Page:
Riding Bumps…paddleboard training to go the distance

We are nearing the end of our training for the Cape Cod Bay Challenge (CCBC), a 34 mile paddle marathon across Cape Cod Bay to benefit Christopher’s Haven.  For 14 weeks we have been following the Riding Bumps paddleboard training program.  The particular program that we chose is designed for flatwater races over 15 miles long.  It is the only paddle-specific program that we know of, and not being endurance athletes, Riding Bumps seemed like a fantastic place to start our training.

paddleboard training

It is a 16-week program.  We joined about 1.5 weeks late, but have been pretty darn good about following it since then.  It has been quite the journey.  We have learned

so very much in these 14 weeks!   Now that we are less than one week away from the paddle it seems like a good time to reflect on what we have done and what is left

paddleboard training

The program has taught us

  • More is not always better.  There is a tendency to believe that if a 2 hour paddle is good for you, then a 3 hour paddle must be better.  Not always the case.  The program paces you so that you do not overtrain and so that you train in the proper heart rate zones for maximum progress
  • Nutrition and hydration are of the utmost importance.  It seems obvious.  And everyone knows they have to drink when they exercise, but they have shown us how important it is to be prepared and consistent and not to be trying things for the first time on paddle day.
  • It is important to mix things up.  The Riding Bumps program encompasses cross training and strength training in addition to many hours on the water.  It shows you the importance of having a well-rounded and multifaceted training schedule so that you are getting stronger and working different muscles.  Overuse injuries are a real possibility if you don’t mix things up.
  • Technique is key.  It is not an instructional book about technique, but many of the paddle workouts focus specifically on technique.  You will need efficient technique to make it this distance.  Ten to twelve hours is too much for most people to just muscle through compensating for bad technique.
  • It has also been an exercise in discipline.  It has been challenging to fit in all of the workouts, and admittedly we didn’t make them all, but we did get most of them in.  And throughout the program they remind you to listen to your body and there are optional workouts in there that you can do if you are up to it, and you can skip if you need a little extra rest.  And they prompt you with which workouts are the most important to fit in (intervals!)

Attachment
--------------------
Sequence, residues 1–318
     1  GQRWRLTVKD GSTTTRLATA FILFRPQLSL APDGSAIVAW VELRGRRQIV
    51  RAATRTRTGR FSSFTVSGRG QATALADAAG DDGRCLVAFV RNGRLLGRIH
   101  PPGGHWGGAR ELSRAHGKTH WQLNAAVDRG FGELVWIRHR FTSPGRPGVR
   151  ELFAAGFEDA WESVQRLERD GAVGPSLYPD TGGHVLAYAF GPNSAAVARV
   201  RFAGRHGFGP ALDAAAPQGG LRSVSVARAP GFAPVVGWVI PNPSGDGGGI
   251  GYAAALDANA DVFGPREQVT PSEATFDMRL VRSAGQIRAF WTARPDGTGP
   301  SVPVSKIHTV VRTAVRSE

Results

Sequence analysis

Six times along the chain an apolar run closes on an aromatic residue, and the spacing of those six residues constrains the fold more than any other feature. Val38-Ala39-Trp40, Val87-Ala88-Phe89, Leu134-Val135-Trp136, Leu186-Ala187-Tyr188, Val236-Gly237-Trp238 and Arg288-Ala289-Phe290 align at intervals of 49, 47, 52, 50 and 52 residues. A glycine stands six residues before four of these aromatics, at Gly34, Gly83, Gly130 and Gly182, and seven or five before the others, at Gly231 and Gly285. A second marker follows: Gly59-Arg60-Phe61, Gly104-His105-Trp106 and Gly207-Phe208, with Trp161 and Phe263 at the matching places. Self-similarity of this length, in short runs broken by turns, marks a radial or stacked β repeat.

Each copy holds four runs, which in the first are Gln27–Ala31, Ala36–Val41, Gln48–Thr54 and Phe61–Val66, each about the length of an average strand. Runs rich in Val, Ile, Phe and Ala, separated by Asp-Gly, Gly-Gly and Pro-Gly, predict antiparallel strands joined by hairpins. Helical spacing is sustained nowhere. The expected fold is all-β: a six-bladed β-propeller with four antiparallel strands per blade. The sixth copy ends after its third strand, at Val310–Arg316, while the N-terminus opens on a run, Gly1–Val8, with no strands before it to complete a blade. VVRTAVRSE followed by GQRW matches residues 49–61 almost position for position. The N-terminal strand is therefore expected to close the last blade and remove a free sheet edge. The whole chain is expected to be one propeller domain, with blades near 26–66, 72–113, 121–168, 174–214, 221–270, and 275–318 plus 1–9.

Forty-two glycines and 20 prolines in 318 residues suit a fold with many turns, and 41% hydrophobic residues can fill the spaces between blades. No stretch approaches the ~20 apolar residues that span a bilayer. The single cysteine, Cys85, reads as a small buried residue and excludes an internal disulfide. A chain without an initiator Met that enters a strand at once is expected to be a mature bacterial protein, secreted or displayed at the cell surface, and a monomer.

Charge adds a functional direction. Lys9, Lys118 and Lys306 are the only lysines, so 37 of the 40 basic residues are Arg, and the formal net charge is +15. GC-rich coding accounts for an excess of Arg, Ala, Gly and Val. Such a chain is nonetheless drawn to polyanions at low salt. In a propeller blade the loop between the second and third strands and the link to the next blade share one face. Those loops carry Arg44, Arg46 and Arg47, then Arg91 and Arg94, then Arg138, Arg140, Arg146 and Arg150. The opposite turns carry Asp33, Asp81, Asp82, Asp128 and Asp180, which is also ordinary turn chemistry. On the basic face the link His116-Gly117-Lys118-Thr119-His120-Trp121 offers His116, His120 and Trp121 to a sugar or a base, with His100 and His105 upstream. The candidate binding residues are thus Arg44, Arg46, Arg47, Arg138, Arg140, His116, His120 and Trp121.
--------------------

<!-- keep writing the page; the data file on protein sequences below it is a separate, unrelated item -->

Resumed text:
Throughout the process I ran into most of the things that they warn you about.  About ½ way through, I was overtrained and couldn’t get my heart rate up without having to work really hard.   Oh, that’s why I felt so junky and just wanted to sleep? Ok, take an extra day off.

Around week 11 they warn that many people get sick.  True to form, I got a sinus infection and was in lots of pain and unable to breathe for the better part of two weeks.  I took an extra day off that week too and muscled through the rest.  Other than that, the training was pretty smooth.

Because of our schedules, we had to rearrange the training each week.  That was doable, but it would have been a lot easier if we could have just followed it like it was written.  Trying to juggle long paddle days and not end up with intervals the day after a long paddle was a bit tricky, but we figured it out.

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Riding Bumps got us out paddling in weather that we would never have gone out in before.  Small craft advisories didn’t necessarily apply to us if it was our long paddle day.  Then when we got out in the bay and were paddling hard and going nowhere we realized that they really do apply to us and we better find another way.   We always did.  Many a tucked away cove and river were discovered during this process.

paddleboard training

Around week 13 the self-doubt started creeping in pretty bad.  I was pretty sure that even after all of the training and fundraising, I wasn’t going to do the paddle.  I would be a cheerleader and chauffeur for Mark, but would be waiting at the finish line for him rather than paddling in or riding the boat in.  Matt and Roche at Riding Bumps were fantastic about answering my questions the whole way through and when I expressed my concerns to them, they basically told me the same thing that a friend had told me “trust the training”.  The program is based on training tons of endurance athletes, triathletes in particular.  So they have studied the point of diminishing return in training and have done well to devise a program that pushes you, but not too far.

It wasn’t the training I didn’t trust, it was me.  I am slow.  I get things done.  I am tough.  I am stubborn.  But I am slow.  And for this paddle we need to keep up a 3.5 mph pace.  I’m not even close.  I’m more like 3.2 on a really good day.  After contacting the powers that be at CCBC it looks like I’m in for paddle day.  They encouraged me to give it a shot and if I end up riding the boat, so be it.

It has been an amazing 14 weeks, training for this incredible event.  There are many elements of the training that we enjoyed and will incorporate into our sup training in the future, but it has taken so much time away from the shop.  We just ran out of time to do a lot of the programs and events we wanted to do.  Hopefully we can get some of them done before the season ends and what we can’t, will get “bumped” to the top of the list for next season.

 

 

Tags: paddleboard training, paddle board training, long distance flatwater paddleboarding, riding bumps training program, sup training, training for sup, training for paddle boarding, training for paddleboarding, riding bumps standup paddleboard training program



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